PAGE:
The international title of the film is Life on the Tracks. For five months, Ditsi and co-director Sadhana Buxani filmed a couple and their children as they went about their daily life in the slum area beside the railroad tracks in Sampaloc, Manila. Unlike their most famous collaboration Minsan Lang Sila Bata, this film has no narration; the filmmakers simply pieced their footage together in cinema verite fashion, creating a moving 70-minute documentary about the daily joys and hardships of a family living, like many Filipinos, on the tracks.
The film was exceptional. Simple. Walang arte. Walang melodrama. And because of that, all the more jolting. More than a statement about any abstract issue such as "poverty," this film is, first and foremost, a story about real people, real lives. It certainly shook me out of my own ivory tower complacency, and I have a feeling that the images I saw on the screen will stay with me for a long time.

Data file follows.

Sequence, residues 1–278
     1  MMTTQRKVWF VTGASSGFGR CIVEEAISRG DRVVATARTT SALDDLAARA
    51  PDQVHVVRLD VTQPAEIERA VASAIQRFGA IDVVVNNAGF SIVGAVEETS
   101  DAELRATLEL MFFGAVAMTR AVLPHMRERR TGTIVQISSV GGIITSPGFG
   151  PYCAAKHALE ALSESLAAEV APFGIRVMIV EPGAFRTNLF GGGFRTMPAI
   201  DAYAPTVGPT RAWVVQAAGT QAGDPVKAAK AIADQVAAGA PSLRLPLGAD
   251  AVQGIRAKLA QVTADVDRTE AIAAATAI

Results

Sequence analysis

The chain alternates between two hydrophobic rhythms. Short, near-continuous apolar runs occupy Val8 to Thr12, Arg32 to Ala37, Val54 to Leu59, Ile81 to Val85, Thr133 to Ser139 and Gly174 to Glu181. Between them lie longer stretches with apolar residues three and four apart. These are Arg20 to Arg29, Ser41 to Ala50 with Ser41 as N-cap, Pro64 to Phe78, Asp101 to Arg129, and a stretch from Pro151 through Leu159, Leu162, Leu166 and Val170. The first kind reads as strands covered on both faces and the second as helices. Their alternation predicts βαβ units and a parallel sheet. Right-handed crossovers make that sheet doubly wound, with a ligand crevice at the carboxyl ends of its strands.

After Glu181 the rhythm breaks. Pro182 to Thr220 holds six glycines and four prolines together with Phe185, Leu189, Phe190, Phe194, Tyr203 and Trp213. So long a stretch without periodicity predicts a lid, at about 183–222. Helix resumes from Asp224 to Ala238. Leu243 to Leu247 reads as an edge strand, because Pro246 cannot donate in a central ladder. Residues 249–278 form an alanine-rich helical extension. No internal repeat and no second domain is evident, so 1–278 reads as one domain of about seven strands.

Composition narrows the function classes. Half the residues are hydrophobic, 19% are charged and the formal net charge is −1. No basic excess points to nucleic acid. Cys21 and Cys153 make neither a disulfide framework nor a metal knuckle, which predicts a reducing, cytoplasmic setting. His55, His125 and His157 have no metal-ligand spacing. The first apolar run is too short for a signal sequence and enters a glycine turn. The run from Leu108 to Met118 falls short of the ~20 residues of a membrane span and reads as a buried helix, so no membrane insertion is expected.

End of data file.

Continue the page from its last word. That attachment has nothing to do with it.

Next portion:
For our post-immersion report in fourth year college, I said to the class, "After three years of spending every Saturday of the school year going to area for ACLC, I thought I knew what poverty was. But after this three-day trip to Kailugan, I realize that I had been mistaken." After watching Ditsi's film, I feel the same way I did then. I once thought I had an idea of what poverty was. Again, I realize I am mistaken. Little things, like the meaning of a hamburger ... or a can of sardines ... or knowing that if I get sick and skip just one day of work, it will not mean that my entire family will go hungry. And I have a feeling that the next time I see an MMDA demolition team doing its sidewalk street-clearing operations, I will feel a lot more conflicted ....
I'm not sure what else to say, except watch it, watch it, watch it! If you get the chance, any chance, don't pass it up. It's an incredible little piece.